Iron age round house at Archeolink by London looks, on Flickr

31/05/2013 Posted by | Civilian | , , , | Leave a comment

Closure threat to University Marine Biological Station Millport

I’ve been watching developments regarding the future of the University Marine Biological Station Millport for a while, in the hope that something might have been resolved after the news that it had lost major funding and the likely result would be closure.

The station is the third-largest employer on the island in the Firth of Clyde, with 30 permanent staff, and attracts more than 1500 undergraduate students every year to carry out field work in the island’s coastal terrain. It also contains a museum and public aquarium that are one of Millport’s biggest tourist attractions.

A study by Jura Consultants in 2010 found that UMBC was responsible for 10 per cent of all employment on Great Cumbrae and contributed around £400,000 to the local economy each year.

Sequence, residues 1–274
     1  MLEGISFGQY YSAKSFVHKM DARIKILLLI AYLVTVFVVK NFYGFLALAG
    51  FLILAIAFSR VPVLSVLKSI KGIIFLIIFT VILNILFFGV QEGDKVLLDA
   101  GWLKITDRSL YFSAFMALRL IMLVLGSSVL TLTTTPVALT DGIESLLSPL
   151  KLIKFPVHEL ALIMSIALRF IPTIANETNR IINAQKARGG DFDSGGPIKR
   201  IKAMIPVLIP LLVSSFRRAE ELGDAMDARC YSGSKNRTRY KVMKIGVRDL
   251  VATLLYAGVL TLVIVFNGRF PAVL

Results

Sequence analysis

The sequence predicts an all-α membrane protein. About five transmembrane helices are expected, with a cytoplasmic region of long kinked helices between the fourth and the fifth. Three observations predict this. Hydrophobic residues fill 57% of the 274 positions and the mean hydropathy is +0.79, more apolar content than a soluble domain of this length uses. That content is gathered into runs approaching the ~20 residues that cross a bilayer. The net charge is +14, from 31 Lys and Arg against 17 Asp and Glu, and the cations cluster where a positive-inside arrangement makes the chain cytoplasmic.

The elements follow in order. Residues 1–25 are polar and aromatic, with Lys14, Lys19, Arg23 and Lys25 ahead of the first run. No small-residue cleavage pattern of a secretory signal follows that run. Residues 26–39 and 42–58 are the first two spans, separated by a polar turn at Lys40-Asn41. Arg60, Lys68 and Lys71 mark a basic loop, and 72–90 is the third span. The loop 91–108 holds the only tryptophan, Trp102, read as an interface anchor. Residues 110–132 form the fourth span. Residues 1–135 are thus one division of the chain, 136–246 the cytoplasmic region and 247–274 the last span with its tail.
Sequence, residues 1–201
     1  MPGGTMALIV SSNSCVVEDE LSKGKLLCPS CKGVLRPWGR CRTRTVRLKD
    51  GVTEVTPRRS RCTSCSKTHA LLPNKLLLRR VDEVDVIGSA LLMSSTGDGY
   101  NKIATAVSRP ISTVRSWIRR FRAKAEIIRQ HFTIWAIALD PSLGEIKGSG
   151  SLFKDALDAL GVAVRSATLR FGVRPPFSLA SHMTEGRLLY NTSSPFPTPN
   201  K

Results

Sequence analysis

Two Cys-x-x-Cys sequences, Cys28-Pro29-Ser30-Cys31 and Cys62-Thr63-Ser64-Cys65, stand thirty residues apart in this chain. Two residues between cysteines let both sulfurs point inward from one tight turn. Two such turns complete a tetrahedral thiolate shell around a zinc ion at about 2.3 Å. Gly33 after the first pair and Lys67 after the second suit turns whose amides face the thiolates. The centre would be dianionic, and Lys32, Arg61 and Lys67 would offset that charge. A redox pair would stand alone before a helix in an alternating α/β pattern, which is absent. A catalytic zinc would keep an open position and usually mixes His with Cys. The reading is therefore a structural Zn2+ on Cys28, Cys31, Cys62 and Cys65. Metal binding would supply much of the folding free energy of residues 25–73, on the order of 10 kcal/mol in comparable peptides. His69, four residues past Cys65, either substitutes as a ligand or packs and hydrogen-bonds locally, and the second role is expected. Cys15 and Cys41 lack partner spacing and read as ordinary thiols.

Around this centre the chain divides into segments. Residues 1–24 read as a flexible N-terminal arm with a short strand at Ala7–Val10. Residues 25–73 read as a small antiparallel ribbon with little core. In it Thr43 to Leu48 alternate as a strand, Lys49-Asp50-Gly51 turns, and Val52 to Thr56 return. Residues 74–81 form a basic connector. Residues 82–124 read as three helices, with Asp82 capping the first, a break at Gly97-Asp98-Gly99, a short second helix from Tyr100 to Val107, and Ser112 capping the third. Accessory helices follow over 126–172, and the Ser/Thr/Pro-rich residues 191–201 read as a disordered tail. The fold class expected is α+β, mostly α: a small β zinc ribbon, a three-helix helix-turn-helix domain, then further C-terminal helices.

Just two weeks ago it was awarded £100,000 from the UK Government’s Coastal Communities Fund towards renovation costs.

Closing the facility would also end more than 125 years of history that began when marine biologist Sir John Murray set up a floating laboratory at Port Loy in a disused barge.

Twelve years later local man David Robertson persuaded investors to fund a permanent research station at Millport.

It gained university status in the 1970s and has provided facilities for undergraduate, MSc and PHd students as well as hosting school field trips from around the country.

Via Threat to island jobs as Millport marine biology centre loses funding | News | Glasgow | STV

That news story appeared back in December 2012, just two weeks after the centre was awarded £100,000 from the UK Government’s Coastal Communities Fund towards renovation costs.


An online petition, which was collected in six days, was presented to First Minister Alex Salmond and Education Secretary Mike Russell on Thursday (January 17):

Last week, 42 Scottish marine academics, from six universities, signed an open letter to the Scottish government demanding “rapid” action to save the station.

Mr Russell responded by saying he had called a meeting of all those involved, including local MSP Kenneth Gibson, to discuss the situation.

Mark Blaxter, who co-ordinated the petition, said he was “humbled” by how many people had signed the petition.